Monday, February 09, 2015

Boyhood/Captain Harlock

 Over the weekend I watch Boyhood, the Richard Linklater film, and enjoyed it.  It was about how I thought it might be, so I wasn't surprised too much by the film,  and it wasn't boring either, nor did it feel like a forced watch.  Most of the films I've seen from him have been very character driven, and contain quite a lot of dialogue to carry the story along, and Boyhood was no exception there.  The male lead, Ellar Coltrane, was quite a natural actor thru all of it and did a good job.  I also thought the editing, the combining of all the separate ages  throughout time, was edited pretty seamlessly, and I enjoyed the soundtrack.

You have probably heard or read how Linklater shot the film over twelve years using the same actors, which gives the film an authentic feel.  I don't know if there's any one scene that stands out from the rest, but it's sort of one of those films that washes over you and you just let it play out.  It still has a fairly indie vibe to it, which is where Linklater got his start more or less, so I guess that's to be expected.  For my particular taste in films, it was okay, and enjoyable.  I really don't have any negatives to say about it.  I thought one or two of the family get-together scenes might have been too forcefully joyous, but didn't bother me.  I still think my favorite film by him might be Slacker, but I'd like to rewatch parts of Boyhood before I send it back to Netflix.  As a disclaimer I tend to get excited about other types of films more like SF, action, etc.  That said, I'd still recommend the film.

The first time I had heard of Captain Harlock by its creator, Leiji Matsumoto, was in the above Eternity comic of the same name.  I was not very well versed in anime or manga (and I still feel that way), but the comic was in a discounted box of comics, and the price was right so I picked it up. I thought the comic was okay, but I could tell it was just the tip of an iceberg of a long storyline, and didn't keep up with it.  Plus it ended up getting cancelled anyway by the fourth or so issue, due to some foul up concerning Eternity getting the copyrights from an unscrupulous source, who didn't have the rights to be licensing the franchise from the get-go.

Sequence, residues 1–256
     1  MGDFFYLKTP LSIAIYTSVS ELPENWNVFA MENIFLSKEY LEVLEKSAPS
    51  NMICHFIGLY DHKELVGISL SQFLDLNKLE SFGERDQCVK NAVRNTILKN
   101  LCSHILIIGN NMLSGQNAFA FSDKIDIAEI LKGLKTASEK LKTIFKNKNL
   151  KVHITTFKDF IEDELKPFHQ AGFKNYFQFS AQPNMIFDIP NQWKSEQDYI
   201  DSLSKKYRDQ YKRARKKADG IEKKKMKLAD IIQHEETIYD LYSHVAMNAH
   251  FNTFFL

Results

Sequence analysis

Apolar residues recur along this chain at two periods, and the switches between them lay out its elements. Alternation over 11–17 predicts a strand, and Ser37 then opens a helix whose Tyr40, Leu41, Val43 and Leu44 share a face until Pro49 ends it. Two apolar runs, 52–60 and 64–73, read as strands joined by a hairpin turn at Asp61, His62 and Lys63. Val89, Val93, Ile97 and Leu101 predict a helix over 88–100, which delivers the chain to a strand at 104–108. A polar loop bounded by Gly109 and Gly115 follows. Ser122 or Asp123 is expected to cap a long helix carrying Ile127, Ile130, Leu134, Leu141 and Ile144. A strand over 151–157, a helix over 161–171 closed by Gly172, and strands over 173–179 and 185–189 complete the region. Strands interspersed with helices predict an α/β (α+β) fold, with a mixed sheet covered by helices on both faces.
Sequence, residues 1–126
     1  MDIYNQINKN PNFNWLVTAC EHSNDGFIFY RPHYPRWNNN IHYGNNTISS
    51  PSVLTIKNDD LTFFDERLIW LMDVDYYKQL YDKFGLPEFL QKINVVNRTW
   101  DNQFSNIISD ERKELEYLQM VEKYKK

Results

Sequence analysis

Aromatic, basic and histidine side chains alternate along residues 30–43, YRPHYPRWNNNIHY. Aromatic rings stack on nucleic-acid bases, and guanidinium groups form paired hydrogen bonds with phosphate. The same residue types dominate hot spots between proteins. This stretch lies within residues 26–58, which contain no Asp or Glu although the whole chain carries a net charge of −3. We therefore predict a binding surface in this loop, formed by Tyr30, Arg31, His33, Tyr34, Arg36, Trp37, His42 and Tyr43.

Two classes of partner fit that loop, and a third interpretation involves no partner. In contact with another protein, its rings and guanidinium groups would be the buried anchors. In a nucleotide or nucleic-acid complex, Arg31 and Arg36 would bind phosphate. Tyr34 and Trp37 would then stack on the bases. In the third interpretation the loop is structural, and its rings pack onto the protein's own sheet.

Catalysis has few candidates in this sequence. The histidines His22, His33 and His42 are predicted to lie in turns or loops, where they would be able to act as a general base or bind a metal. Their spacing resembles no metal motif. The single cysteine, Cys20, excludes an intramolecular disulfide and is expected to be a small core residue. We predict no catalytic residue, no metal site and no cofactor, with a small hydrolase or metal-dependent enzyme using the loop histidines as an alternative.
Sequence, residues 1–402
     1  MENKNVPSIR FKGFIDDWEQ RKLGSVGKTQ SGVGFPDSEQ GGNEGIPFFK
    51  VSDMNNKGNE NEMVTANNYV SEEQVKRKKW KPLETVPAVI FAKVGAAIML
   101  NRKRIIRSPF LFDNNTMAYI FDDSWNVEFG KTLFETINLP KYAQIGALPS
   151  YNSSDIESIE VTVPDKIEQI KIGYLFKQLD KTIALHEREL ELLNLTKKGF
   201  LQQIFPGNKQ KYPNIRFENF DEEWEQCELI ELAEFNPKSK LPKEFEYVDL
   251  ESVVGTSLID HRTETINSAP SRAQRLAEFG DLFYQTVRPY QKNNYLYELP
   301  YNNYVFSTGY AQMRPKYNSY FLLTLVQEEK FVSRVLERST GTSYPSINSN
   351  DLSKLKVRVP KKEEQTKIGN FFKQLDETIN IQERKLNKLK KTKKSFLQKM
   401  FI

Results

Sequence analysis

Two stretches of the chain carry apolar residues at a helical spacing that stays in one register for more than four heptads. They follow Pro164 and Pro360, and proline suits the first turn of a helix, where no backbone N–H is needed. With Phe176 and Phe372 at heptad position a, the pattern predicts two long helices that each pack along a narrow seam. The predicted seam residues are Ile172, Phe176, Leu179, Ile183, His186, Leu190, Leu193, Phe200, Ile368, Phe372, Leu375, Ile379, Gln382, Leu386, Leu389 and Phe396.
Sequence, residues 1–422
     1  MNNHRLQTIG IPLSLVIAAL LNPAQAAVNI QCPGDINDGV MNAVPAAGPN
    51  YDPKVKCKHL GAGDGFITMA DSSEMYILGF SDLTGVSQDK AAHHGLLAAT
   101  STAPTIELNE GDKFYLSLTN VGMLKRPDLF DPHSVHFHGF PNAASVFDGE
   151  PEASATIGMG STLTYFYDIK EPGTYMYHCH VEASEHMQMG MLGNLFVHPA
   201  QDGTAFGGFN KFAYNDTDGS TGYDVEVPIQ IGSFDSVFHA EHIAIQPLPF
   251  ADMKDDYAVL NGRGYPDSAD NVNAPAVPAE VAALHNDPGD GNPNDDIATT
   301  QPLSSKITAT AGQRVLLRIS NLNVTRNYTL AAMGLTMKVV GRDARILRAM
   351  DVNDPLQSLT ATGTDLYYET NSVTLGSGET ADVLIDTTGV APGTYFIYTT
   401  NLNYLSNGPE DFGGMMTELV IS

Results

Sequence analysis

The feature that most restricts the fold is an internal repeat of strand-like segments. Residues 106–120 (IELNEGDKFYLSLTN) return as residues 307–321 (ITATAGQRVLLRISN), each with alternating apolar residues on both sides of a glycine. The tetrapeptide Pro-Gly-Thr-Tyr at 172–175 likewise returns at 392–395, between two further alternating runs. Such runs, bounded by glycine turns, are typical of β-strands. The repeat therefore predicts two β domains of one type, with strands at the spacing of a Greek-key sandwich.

I'd more or less forgotten about Captain Harlock, although other things related to it had come out like the anime feature Galaxy Express 999.  From what I can tell there was also a TV series of anime as well.  Also from what I can tell they refer to all of this as the Leiji-universe, which implies, that there's a storyline and offshoots of storylines there, I just don't know enough about it, nor was I a fan of it in all its incarnations.  So I'm more or less a novice about the franchise really.  That may have helped my liking of the feature film, Space Pirate Captain Harlock.

I basically just ran across the feature film on Youtube last week, and saved it to watch at a future date.  I don't think it was ever released here in the states, or if it was, flew under my radar.  When I first watched the opening of the film, I thought it was going to be a live action translation of the film, using real actors, but was surprised that it was all done with computer graphics--which was done very well too.

I remember seeing Final Fantasy many years ago at the cinema, and enjoyed the CG of the film, really moreso than the actual storyline.  I vaguely remember the film dealt with spirits, which is a bit hard to relate to coming from a western culture.  But with the Harlock film, it's more defined as space opera, or space fantasy in a Star Wars-like mold, so I could relate to that more.  Now granted there were parts of this movie that alluded me.  Either I missed plot points or they were not brought out well enough in the film, but that aside I still enjoyed the film.